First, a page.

Trip Report: Alone on Passaconaway

Mt Passaconaway (4,043 feet). Sandwich, NH. 2020-12-10 (Thursday.)

Via Old Mast Road, Walden Trail, Dicey’s Mill trails.. Approx 9 miles round-trip; approx 3,000 feet elevation gain.

34 dF at the trailhead, 22 dF at the summit. 26 dF back at the car. RH ranged from about 60% early on, to 99% above 3,000 feet. Winds were around 5 MPH in the trees, reported to be 40-50 MPH above. Dew point was in the low 20% range throughout. Sun and clouds throughout, with a persistent cloud hanging over the summit down to about 3,200-3,400 feet. 

Trailhead: 0930. Summit: 1450. Car: 1700. 

Snowy. Slippery. Serene. 

The wind howled all day long. It was creating a ruckus up in the treetops, and occasionally some snow would fall on my head. And even though I was walking through the trees, that banshee wind made it down to the forest floor, albeit in a much weaker form. So it was a presence all day, and occasionally made me feel more chilly than I’d have preferred, even if I was never outright cold. 

But that was the least of my worries. 

I talked about the Tripyramids alternately being a barroom brawl and a knife fight. Today, I chose to hike up the Walden Trail from Old Mast Road, and that turned out to be medieval combat. Don’t ask me what I was thinking, because I’m still trying to piece it all together. I’ll just smile, nod, and say “it seemed a good idea at the time.” And of course, once I knew where things were going, it was too late to turn back if I was going to bag the summit. This won’t be the first time I’ve licked my wounds, nor will it be the last. Type II fun, yessiree bob.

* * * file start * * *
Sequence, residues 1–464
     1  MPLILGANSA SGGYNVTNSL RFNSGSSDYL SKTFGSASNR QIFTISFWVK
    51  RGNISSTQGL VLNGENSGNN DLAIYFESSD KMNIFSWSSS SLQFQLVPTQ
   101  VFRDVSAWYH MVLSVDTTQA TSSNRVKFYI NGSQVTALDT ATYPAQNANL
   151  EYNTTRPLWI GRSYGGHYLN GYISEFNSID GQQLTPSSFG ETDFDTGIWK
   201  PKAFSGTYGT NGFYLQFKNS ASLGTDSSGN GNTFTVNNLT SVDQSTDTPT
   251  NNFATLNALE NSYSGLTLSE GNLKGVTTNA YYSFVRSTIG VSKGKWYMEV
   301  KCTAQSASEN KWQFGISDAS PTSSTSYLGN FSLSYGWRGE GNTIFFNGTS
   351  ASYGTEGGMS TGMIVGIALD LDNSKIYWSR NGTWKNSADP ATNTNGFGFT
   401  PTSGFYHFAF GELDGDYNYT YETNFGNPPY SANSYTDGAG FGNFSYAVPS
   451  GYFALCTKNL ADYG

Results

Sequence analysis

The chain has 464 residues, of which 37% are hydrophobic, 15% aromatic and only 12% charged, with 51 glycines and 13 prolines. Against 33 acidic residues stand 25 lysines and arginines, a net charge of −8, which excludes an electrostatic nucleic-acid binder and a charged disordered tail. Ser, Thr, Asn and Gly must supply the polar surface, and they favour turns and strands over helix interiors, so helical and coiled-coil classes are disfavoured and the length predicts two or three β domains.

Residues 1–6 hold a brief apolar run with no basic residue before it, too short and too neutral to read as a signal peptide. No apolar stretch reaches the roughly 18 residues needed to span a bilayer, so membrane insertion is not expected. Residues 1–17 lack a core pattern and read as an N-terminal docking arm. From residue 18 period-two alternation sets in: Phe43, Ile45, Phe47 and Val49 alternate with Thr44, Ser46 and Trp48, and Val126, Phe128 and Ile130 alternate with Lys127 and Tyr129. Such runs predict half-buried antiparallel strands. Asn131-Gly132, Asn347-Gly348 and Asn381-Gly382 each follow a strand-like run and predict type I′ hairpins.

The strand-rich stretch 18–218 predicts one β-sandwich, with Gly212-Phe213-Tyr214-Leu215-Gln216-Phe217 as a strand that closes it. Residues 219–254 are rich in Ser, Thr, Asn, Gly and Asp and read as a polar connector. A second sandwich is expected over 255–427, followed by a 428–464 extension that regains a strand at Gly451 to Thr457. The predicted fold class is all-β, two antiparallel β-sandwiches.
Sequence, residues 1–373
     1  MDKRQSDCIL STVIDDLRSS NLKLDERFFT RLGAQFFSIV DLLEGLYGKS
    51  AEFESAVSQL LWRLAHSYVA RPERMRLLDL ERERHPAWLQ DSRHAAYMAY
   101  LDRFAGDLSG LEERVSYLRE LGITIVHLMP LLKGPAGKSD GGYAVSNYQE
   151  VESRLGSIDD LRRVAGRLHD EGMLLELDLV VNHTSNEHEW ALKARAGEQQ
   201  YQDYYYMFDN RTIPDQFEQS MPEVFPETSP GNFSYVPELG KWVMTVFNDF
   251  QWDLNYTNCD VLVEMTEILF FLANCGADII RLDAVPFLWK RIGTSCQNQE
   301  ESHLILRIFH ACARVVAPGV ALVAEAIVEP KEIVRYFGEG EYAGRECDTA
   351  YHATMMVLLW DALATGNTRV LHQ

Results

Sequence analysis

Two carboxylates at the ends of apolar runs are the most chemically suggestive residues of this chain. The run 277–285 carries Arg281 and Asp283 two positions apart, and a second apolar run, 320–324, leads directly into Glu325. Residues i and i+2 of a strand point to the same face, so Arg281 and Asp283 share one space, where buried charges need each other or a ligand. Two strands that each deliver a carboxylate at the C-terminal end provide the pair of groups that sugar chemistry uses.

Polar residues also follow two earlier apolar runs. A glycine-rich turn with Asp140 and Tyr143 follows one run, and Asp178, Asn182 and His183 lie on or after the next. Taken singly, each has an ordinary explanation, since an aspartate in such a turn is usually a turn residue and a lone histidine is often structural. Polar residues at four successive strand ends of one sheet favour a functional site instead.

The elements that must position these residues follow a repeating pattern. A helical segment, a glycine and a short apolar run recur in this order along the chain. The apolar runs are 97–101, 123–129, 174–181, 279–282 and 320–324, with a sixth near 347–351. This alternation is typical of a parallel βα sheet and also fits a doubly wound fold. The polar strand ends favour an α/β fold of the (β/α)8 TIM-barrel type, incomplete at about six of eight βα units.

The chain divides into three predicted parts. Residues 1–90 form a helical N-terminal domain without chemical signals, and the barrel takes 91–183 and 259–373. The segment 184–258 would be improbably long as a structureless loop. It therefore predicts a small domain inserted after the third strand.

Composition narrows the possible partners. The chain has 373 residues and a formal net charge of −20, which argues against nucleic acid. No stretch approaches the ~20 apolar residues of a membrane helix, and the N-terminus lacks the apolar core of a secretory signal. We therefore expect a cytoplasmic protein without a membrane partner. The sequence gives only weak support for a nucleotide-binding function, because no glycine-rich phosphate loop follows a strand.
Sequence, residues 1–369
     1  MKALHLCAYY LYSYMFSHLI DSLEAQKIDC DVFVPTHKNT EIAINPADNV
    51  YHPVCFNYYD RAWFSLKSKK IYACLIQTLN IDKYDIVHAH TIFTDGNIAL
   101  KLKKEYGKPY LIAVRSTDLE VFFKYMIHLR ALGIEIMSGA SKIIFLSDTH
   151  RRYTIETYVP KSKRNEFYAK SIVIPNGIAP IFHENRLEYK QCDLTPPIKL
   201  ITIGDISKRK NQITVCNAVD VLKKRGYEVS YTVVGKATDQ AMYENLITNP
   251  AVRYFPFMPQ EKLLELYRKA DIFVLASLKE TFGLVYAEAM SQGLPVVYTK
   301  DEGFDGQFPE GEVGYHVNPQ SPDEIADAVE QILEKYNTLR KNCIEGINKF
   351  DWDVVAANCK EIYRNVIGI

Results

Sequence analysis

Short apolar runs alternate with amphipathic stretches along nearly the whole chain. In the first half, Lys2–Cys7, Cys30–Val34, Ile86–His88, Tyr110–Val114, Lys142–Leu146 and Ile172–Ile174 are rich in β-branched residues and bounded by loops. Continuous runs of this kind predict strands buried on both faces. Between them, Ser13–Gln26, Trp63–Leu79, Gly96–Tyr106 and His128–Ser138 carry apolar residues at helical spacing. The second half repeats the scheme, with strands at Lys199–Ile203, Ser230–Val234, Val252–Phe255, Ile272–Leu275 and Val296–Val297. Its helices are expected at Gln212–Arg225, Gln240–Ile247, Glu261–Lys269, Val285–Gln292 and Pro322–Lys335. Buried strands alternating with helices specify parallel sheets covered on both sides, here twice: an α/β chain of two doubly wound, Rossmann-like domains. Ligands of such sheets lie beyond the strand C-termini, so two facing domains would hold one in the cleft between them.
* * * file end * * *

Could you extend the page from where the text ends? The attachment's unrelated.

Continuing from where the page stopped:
Arriving at the Ferncroft parking area, I was immediately set upon by an 8 month old lab, who couldn’t hold his licker for love or money. The pup was a total (and delightful) spaz, and I thought if his little doggy heart was any more full of joy, it might just burst. Even after a solid five minutes of the zoomies, it was as if the gas gauge would be perpetually glued on “full” and the throttle welded to “full tilt.” I chatted with his human for a short bit, a delightful local who was out on her morning constitutional, and then headed off. There was a pervasive Thursday morning calm to the trail. Little did I know…

Old Mast Road was about as straightforward as you could want. Yes, there was a thin layer of snow, but it didn’t feel like much. I made decent time across easy grades and through open forest. The forecast was for “partly sunny” but due to some trick of fate, the clouds had a near-permanent gap that lined up perfectly with the sun. It was certainly nippy out, but what little warmth the sun cast did indeed take the edge off. A few minutes from the car was all it took to warm up. 

But then, I got to Walden Trail, and things really heated up by a very solid margin. Wow, did they ever. The book says it gets a little steep. It mentions some scrambling. What it doesn’t discuss at all is that it doesn’t stop for any appreciable distance, and when you’ve finally gotten to the summit, you feel like you just went a few rounds with a gorilla. Ooof. No kidding, as I was crossing the col, I was seriously debating whether I’d summit, or just dash across the East Loop, and bag the summit next week. 

One of the things that was seriously impacting forward progress was the greasy powder snow. It was very unconsolidated just about everywhere, and curiously, I found myself sliding on the anti-balling plates on my crampons. Yikes! Besides that, the ice was very hard, and the spikes sometimes didn’t get a solid grip. It was that kind of day as far as traction went. If I had it to do all over, I’d bring my snowshoes and swap into them once I got to the top of Old Mast Road. Due to some geographic/meteorological phenomenon, once I got on Walden Trail, the snow conditions went to hell in a handbasket. They’d been fine up until then. Weird.